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“Create more value than you capture”*…

As Donald Trump’s presidency careened to its ignominious end, with a mob of his supporters storming of the US Capitol, Facebook and Twitter banned the US president for inciting the violence. With that act, the scope of the political power wielded by Big Tech became impossible to ignore.

Whether these platforms have too much political power is a debate that is just beginning. Their outsize economic power, though, is unquestionable. The combined market capitalization of the five largest US tech platforms – Alphabet (Google), Amazon, Apple, Facebook, and Microsoft – rose by $2.7 trillion in 2020. Following the addition of Tesla to the S&P 500, the Big Six tech firms now represent nearly one-quarter of the index’s valuation. And with the spread of COVID-19, the leading digital platforms have become de facto essential service providers, enabling a mass transition to remote and isolated living.

And yet the political pressure on Big Tech has continued to rise. There is a growing consensus that platforms have been abusing their power, driving profits by exploiting consumer privacy, crushing the competition, and buying up potential rivals.

The economics of platforms is different from the economics of traditional offline and one-sided markets. Policymakers therefore need to reconsider some of their most basic assumptions, asking themselves whether they are even focusing on the right things.

A key challenge is to determine how the value of data diverges from the value created by providing a data-generating service. Platforms have the power to shape how decisions are made, which in turn can alter the value of the data being amassed. The implication, as Google co-founders Larry Page and Sergey Brin foresaw in a 1998 paper, is that advertisers or any other third-party interest can embed mixed motives into the design of a digital service. In the case of internet search, the advertising imperative can distract from efforts to improve the core service, because the focus is on the value generated for advertisers rather than for users.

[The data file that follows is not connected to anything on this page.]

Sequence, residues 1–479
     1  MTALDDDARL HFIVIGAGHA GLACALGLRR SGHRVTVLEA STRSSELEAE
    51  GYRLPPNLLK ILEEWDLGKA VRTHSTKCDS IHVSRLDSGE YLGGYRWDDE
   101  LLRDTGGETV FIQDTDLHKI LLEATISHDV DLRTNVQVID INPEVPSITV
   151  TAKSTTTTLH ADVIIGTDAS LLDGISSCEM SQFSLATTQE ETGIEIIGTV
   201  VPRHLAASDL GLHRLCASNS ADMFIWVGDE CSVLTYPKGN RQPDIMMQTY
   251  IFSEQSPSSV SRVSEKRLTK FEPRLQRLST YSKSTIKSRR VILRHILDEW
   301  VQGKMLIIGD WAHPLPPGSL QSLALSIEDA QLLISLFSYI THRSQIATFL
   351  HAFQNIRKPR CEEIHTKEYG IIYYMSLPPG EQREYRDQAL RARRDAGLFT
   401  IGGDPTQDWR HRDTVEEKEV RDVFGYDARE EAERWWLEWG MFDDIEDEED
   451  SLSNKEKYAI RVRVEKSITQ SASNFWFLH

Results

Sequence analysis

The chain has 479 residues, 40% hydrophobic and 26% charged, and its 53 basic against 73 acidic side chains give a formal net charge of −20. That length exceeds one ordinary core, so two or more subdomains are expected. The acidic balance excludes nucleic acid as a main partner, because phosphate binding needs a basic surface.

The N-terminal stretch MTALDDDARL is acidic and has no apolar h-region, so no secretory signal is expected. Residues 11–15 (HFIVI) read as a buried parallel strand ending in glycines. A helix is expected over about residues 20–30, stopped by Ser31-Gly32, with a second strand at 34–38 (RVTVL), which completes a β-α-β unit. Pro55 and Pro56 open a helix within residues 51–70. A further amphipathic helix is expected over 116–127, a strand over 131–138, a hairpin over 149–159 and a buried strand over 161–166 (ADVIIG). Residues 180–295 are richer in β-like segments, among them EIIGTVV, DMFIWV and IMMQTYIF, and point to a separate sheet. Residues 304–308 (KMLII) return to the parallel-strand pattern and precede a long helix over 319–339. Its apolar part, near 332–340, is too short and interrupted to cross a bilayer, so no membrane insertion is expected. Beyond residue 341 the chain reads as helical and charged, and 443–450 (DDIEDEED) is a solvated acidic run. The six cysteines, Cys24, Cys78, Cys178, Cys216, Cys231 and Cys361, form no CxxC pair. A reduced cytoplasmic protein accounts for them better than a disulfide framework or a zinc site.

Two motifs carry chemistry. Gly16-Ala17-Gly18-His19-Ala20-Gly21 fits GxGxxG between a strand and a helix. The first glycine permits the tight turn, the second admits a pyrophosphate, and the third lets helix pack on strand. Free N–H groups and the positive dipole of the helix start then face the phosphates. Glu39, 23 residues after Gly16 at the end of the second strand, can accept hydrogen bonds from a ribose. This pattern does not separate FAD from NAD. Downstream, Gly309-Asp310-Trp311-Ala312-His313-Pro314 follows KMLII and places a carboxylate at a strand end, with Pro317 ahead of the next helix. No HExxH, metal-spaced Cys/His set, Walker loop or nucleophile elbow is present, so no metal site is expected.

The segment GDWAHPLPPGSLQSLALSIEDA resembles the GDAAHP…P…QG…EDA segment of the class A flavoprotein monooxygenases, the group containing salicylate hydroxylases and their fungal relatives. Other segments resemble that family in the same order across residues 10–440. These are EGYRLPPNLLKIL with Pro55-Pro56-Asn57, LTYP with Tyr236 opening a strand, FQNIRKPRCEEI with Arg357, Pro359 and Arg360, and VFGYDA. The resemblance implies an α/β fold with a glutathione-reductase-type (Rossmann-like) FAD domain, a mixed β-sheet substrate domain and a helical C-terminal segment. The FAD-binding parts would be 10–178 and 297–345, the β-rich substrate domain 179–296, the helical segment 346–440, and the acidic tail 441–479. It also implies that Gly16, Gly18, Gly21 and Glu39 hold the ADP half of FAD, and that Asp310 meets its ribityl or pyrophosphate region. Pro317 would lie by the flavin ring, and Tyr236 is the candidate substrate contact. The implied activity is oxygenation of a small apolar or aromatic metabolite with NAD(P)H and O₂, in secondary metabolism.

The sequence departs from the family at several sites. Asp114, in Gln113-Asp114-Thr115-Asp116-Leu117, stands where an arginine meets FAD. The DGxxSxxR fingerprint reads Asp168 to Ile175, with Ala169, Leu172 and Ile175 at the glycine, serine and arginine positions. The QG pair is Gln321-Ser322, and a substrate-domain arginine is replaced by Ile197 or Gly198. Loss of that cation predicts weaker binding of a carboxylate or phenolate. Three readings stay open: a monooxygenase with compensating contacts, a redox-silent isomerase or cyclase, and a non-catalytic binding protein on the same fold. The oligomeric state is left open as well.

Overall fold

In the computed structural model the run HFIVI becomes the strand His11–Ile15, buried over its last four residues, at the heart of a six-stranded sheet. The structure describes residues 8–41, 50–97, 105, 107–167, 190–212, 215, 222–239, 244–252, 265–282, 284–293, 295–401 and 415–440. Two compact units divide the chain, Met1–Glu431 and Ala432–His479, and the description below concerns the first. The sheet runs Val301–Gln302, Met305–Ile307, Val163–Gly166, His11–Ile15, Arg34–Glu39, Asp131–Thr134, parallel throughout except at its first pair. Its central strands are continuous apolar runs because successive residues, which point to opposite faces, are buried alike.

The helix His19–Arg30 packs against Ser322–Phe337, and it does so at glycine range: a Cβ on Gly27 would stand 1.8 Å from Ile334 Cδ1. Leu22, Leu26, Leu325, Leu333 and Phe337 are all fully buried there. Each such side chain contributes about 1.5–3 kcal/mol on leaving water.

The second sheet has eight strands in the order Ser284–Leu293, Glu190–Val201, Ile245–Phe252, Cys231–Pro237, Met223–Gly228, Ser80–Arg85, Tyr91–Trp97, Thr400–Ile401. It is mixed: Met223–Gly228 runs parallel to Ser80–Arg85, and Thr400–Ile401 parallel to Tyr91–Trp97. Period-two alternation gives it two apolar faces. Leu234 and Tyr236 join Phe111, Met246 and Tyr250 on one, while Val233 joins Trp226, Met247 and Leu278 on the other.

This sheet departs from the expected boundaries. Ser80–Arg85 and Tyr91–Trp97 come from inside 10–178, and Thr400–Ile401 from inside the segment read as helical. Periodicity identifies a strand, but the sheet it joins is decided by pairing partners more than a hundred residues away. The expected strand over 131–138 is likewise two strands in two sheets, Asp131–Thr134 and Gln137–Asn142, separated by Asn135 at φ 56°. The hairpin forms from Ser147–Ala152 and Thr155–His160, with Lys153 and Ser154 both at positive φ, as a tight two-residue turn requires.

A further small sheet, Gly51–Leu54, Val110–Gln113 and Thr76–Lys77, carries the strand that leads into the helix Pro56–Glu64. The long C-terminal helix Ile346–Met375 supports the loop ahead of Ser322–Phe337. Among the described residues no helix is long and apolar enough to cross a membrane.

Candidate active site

As this example shows, it is necessary to ask who benefits the most from the design of a given service. If a platform’s core mission is to maximize profits from advertising, that fact will shape how it pursues innovation, engages with the public, and designs its products and services.

Moreover, it is important to understand that even if antitrust authorities were empowered to break up companies like Google and Facebook, that would not eliminate the data extraction and monetization that lie at the heart of their business models. Creating competition among a bunch of mini-Facebooks would not weed out such practices, and may even entrench them further as companies race to the bottom to extract the most value for their paying customers…

Digital markets do not have to be extractive and exploitative. They could be quite different, but only if we ourselves start to think differently. We need to recognize, as Adam Smith did, that there is a difference between profits and rents – between the wealth generated by creating value and wealth that is amassed through extraction. The first is a reward for taking risks that improve the productive capacity of an economy; the second comes from seizing an undue share of the reward without providing comparable improvements to the economy’s productive capacity.